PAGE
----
Is it legal to mine cryptocurrency at work?

Amidst the current hype of cryptocurrency, more and more time is being spent towards ‘mining’ for those cryptocurrencies. However, an issue arises as to whether users can mine for cryptocurrencies at work. Is ‘mining at work’ illegal or is it merely a workplace ethic issue?

What is mining?

‘Mining’ is the process during which a computer solves a complex algorithm in order to complete a ‘block’ for the purposes of verifying a transaction on the blockchain. Crypto coins are then rewarded once the computer has successfully solved the algorithm (i.e. the coin has been ‘mined’).

Despite the reward of crypto coins, mining is notorious for taking a lot of time, CPU power and electricity. Additionally, as more Bitcoins are generated, the network self-regulates, producing fewer coins over time, and making it less likely a solo computer will successfully mine a coin.

Mining at work

Accordingly, one may consider mining crypto coins at work. The rationale behind this thinking is that a firm may have more sophisticated or faster computers than one’s personal home computer. The CPU power and costs of electricity incurred in the mining process would also be borne by the firm. Moreover, the firm’s network may be more secure and less prone to hacking than that of the individual.

Mining crypto coins at work seems to be an attractive proposition but is it legal? This depends if you work in the private or public sector.

Private sector

The short answer is ‘yes’ – there is currently no general law in Australia that prohibits mining crypto coins at work in the private sector.

However, that is not to say mining at work is never illegal. For instance, using the firm’s computers for mining would likely fall within the ‘serious misconduct’ clause of your employment contract which prohibits the misuse of the firm’s resources. Breach of the serious misconduct clause could lead to the termination of your employment and/or you paying damages to your employer. In addition, there may be issues as to whether the firm or you have ownership over the cryptocurrencies acquired in the scope of your employment. You can contact an employment contract review lawyer to help acquaint you on the terms of your employment agreement.

Even if your employment contract does not prohibit mining, there may also be professional or industry rules prohibiting such conduct. Regardless, it is good practice and work ethic that you do not free ride your firm’s resources. Otherwise, your reputation as well as your relations with your employer and colleagues may be strained, undermining your employment.

Public sector

The case is very different for public sector and government workers.

In NSW, the deliberate misuse of ‘public resources’ is a breach of public trust and can constitute corrupt conduct under the Independent Commission Against Corruption Act 1988 (‘the Act’). ‘Public resources’ are those items that are paid for, owned, or controlled by public sector agencies. Resources can be tangible, such as computer equipment or intangible, such as time and electricity. ‘Misuse’ in this context includes using public resources for private work purposes without permission.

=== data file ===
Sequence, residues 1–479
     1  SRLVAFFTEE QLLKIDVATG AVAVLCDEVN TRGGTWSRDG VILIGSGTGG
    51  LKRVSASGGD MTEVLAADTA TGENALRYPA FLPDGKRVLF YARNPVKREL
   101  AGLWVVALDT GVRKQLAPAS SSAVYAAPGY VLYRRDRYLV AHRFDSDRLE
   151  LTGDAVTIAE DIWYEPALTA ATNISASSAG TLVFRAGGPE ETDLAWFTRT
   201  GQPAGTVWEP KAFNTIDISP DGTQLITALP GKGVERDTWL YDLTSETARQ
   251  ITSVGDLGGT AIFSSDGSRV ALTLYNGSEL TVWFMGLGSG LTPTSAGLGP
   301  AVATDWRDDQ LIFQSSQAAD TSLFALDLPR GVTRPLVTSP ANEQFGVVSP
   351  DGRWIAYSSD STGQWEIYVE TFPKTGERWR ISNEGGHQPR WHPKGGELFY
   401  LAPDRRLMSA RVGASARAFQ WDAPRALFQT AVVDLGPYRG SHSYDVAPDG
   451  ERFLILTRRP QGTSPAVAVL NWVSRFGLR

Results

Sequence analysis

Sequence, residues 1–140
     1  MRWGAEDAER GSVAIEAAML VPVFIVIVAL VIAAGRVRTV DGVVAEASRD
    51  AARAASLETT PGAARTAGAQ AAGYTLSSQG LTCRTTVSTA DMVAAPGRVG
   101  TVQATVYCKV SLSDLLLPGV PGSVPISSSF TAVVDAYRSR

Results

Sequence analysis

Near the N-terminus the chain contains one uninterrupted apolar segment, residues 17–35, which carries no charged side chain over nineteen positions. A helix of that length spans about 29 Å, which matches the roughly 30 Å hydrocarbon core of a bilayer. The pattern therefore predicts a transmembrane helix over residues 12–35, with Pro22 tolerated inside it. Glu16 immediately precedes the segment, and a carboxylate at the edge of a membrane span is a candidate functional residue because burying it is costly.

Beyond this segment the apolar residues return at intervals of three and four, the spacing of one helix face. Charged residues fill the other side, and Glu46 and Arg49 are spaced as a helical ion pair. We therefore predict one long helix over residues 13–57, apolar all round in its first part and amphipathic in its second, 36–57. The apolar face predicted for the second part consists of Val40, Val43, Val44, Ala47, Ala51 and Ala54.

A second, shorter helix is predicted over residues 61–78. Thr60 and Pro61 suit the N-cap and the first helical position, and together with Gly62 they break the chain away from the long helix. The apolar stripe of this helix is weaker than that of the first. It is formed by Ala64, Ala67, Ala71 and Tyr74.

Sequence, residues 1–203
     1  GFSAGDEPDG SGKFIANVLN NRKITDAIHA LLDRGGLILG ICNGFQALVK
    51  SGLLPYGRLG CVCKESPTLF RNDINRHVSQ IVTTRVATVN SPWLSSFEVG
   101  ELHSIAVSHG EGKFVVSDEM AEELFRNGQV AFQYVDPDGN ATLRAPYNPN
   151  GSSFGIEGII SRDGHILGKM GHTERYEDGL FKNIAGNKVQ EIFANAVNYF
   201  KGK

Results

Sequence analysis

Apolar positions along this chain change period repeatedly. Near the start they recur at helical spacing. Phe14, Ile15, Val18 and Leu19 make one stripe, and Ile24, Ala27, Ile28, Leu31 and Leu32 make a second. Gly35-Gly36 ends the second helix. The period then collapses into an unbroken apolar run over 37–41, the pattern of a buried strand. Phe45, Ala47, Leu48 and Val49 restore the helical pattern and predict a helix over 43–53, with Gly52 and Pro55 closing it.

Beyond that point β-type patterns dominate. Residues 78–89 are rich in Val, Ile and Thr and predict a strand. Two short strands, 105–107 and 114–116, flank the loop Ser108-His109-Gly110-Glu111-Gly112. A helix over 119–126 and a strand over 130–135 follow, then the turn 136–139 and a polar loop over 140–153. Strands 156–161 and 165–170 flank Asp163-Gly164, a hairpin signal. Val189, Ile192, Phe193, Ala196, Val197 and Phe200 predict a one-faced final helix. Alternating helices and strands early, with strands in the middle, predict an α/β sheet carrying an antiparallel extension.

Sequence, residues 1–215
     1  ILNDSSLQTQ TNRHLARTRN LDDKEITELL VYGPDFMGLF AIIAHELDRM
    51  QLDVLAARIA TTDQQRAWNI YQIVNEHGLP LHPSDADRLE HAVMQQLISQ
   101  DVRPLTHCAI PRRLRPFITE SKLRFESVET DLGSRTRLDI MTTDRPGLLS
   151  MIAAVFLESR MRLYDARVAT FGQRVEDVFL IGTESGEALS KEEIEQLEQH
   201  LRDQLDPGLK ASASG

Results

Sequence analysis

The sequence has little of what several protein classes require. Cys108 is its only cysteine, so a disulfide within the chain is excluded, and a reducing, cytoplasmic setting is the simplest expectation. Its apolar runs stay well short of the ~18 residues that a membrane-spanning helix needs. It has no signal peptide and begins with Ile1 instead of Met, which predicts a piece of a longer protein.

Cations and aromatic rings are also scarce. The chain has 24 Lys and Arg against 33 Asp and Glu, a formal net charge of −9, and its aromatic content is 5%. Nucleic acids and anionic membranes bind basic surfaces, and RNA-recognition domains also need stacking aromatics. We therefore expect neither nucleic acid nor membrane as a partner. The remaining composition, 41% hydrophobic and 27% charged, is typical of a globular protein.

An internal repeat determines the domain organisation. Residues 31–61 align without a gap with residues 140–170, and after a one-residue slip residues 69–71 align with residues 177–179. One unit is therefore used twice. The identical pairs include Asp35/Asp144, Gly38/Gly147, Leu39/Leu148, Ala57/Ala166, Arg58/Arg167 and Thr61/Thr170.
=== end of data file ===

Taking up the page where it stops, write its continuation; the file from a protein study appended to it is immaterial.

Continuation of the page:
Therefore, unless permission is given (which is highly unlikely), mining crypto coins in public office would probably be corrupt conduct under the Act and thus investigated by the Independent Commission Against Corruption (or by an anti-corruption body relevant to your State or Territory).

Similarly, at a federal level, mining crypto coins at work would probably constitute as ‘corruption by an Australian Government employee’ and thus subject to investigation by the Australian Federal Police (AFP).

Indeed, there have been instances where public employees were caught for mining at work. Recently, two Bureau of Meteorology employees were being investigated by AFP for allegedly using the bureau’s powerful computers for mining. Another example was in 2011 when an ABC IT worker was exposed for mining bitcoins on ABC’s internal systems.

The future

Since late 2017, the Australian government has been planning to strengthen Australia’s anti-money laundering laws and regulate cryptocurrencies in the wake of a financial scandal involving Australia’s biggest bank, the Commonwealth Bank of Australia. Such a plan could involve bringing cryptocurrency transactions within the remit of Austrac (Australia’s financial crime fighting agency) and expanding AFP powers to deal with money laundering and financing of terrorism via cryptocurrency.

If so, such a reform could finally prohibit or restrict mining at work in the private sector too.

Conclusion

As to the private sector, one must consider contract, industry and ethical issues when choosing to mine for cryptocurrencies at work. Meanwhile, there is zero tolerance of mining in the public sector in which every employee is responsible for the effective, efficient and fair use of public resources. So it’s best to leave your mining business at home, not at work!

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